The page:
The media engaged in hysterics to stop Trump, immolating their own standards and credibility in the process. As Ken Stern, former CEO of National Public Radio, wrote in Vanity Fair, “[F]or the first time in my memory some of the major media organizations in this country have now abandoned all semblance of objectivity in furtherance of electing Hillary Clinton, or perhaps more accurately, in furtherance of the defeat of Donald Trump.” Some journalists for elite publications and networks became open partisans on social media. In their pages and TV shows, they did anything and everything to inspire fear at the thought of President Trump, up to and including suggesting that he was a tool of Russian president Vladimir Putin. Even by media-bias standards, some of this was over the top, such as when NBC issued a “fact check” saying that Trump was wrong when he said that Clinton had “acid-washed” her emails. “Clinton’s team used an app called BleachBit,” NBC wrote. “She did not use a corrosive chemical.” Like another exceptional politician, Bill Clinton, Trump used the overreach of his enemies to discredit them.

Anyone having the temerity to support Trump felt the backlash. Activists tried to get firms to cut ties with gay tech entrepreneur Peter Thiel, who spoke at the Republican convention in favor of Trump. They likewise attacked Palmer Lucky, founder of the virtual-reality firm, Oculus, which was acquired for $2 billion by Facebook, when it emerged that he was financing pro-Trump activism. NPR commentator Cokie Roberts labeled Trump supporters “morally tainted.” Trump staffers faced the threat of being blacklisted for working for him.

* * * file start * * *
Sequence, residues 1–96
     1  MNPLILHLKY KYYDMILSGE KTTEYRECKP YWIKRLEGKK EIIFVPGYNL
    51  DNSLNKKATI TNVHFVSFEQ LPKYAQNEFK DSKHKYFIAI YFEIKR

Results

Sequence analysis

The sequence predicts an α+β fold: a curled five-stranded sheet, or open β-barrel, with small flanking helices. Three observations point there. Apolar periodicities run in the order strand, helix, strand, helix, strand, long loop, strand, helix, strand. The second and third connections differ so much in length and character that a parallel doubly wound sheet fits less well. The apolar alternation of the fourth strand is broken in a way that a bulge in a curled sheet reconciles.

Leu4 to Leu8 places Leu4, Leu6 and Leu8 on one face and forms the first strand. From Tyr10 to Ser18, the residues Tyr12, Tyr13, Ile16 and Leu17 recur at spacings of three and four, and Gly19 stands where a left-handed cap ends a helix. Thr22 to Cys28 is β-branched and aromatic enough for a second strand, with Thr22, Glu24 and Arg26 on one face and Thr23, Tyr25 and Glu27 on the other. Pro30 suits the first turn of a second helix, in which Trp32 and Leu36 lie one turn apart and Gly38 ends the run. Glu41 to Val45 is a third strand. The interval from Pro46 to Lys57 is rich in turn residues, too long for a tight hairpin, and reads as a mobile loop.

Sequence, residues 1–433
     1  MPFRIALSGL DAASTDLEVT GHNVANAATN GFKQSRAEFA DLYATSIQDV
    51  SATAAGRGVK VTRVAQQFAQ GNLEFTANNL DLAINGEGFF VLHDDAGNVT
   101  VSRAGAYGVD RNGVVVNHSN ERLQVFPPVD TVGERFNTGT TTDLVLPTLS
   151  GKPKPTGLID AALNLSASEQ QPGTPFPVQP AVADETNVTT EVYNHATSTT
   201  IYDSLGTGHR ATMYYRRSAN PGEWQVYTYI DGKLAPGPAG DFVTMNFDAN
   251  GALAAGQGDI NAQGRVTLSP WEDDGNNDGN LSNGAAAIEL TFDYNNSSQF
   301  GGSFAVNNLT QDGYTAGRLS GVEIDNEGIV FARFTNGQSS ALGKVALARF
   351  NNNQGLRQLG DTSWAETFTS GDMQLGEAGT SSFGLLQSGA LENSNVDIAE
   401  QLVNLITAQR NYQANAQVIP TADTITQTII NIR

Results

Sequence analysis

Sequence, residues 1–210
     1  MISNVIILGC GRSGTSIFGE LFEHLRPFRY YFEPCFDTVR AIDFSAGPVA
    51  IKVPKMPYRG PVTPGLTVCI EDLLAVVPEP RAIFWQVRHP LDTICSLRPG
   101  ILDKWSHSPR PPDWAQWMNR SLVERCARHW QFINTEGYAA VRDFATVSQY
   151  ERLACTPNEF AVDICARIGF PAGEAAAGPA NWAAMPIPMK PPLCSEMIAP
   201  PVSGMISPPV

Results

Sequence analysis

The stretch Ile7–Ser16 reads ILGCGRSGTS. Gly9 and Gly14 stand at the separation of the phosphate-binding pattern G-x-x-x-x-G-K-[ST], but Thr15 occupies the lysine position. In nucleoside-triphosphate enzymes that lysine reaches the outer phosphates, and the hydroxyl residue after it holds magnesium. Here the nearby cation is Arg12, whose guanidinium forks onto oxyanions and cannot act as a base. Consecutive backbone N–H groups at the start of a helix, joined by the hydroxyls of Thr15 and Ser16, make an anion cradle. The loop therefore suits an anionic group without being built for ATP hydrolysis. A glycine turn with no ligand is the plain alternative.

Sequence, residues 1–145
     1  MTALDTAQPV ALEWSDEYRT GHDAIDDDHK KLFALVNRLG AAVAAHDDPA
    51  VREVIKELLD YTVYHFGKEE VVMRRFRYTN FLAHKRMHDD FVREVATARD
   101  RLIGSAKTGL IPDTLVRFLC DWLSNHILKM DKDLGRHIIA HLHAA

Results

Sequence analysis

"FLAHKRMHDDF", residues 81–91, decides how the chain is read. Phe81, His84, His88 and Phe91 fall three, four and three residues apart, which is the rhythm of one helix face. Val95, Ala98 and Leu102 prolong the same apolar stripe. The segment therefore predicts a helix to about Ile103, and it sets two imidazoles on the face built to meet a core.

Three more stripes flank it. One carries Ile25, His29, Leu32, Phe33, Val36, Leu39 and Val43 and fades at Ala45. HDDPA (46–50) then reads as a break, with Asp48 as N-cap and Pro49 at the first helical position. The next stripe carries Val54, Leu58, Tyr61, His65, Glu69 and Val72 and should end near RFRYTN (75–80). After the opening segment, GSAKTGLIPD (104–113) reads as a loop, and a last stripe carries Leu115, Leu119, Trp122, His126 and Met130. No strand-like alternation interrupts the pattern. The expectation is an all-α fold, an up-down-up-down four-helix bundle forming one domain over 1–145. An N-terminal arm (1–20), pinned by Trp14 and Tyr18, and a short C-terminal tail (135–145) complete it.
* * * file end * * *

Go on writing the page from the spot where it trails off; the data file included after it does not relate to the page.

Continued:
Yet despite this, Trump triumphed. Leveraging his direct pipeline to the public and his media mastery, he largely self-financed his primary victory, while spending far less than some of his opponents. (A fiscal conservative with his own money, he at one point quipped that his campaign was “$35 million under budget.”) Breaking radical new ground for a Republican, he cultivated an army of small donors, raising $100 million in October alone.

He also attracted a large new following of former blue-collar Democrats alienated by a party increasingly devoted to the elite and minority groups over the working class. He embraced the gay community throughout his campaign, at one point walking on stage at one of his rallies carrying a large Pride flag. He repeatedly pitched himself to the black community, maybe a first for the GOP. Exit polls suggest that he did much better among blacks than Mitt Romney did in 2012.

Romney, a man of tremendous decency and high character, was sunk by sound bites like “the 47%”, “self-deportation,” and “binders full of women.” In 2016, Ted Cruz never recovered from his “New York values” statement. But Trump repeatedly recovered from gaffes and gotchas, often even turning them to his advantage. When asked why, if the Clintons were so awful, Hillary had attended his wedding, Trump had the savvy and audacity to say that she was there because he paid her.

In short, while facing some of the longest odds of any candidate, Trump rewrote the political playbook and reconfigured the political landscape. He was right about the timing, right about the issues that would resonate with the voters, right about his understanding of human behavior (and, arguably, human nature), right on his rhetoric, and right about other aspects of his strategy and tactics. He brought his intense, high-energy style to the political arena; he never crumbled and hardly wavered in the face of vicious attacks that would have traumatized almost any other candidate. Yet few critics wish to acknowledge it.

In reviewing the unwillingness of the Left to acknowledge the success of Broken Windows policing, City Journal editor-at-large Myron Magnet said, “Some people can’t—or won’t—see what’s in front of their own eyes.” So it is with Trump. There’s a reason it’s called “blind hatred.”

This is not to say a Trump presidency will be favorable; that remains to be seen. But for today, at least, let’s acknowledge Donald Trump as a grandmaster of politics, in the aftermath of his delivering the most bravura performance in American electoral history.

Photo by Spencer Platt/Getty Images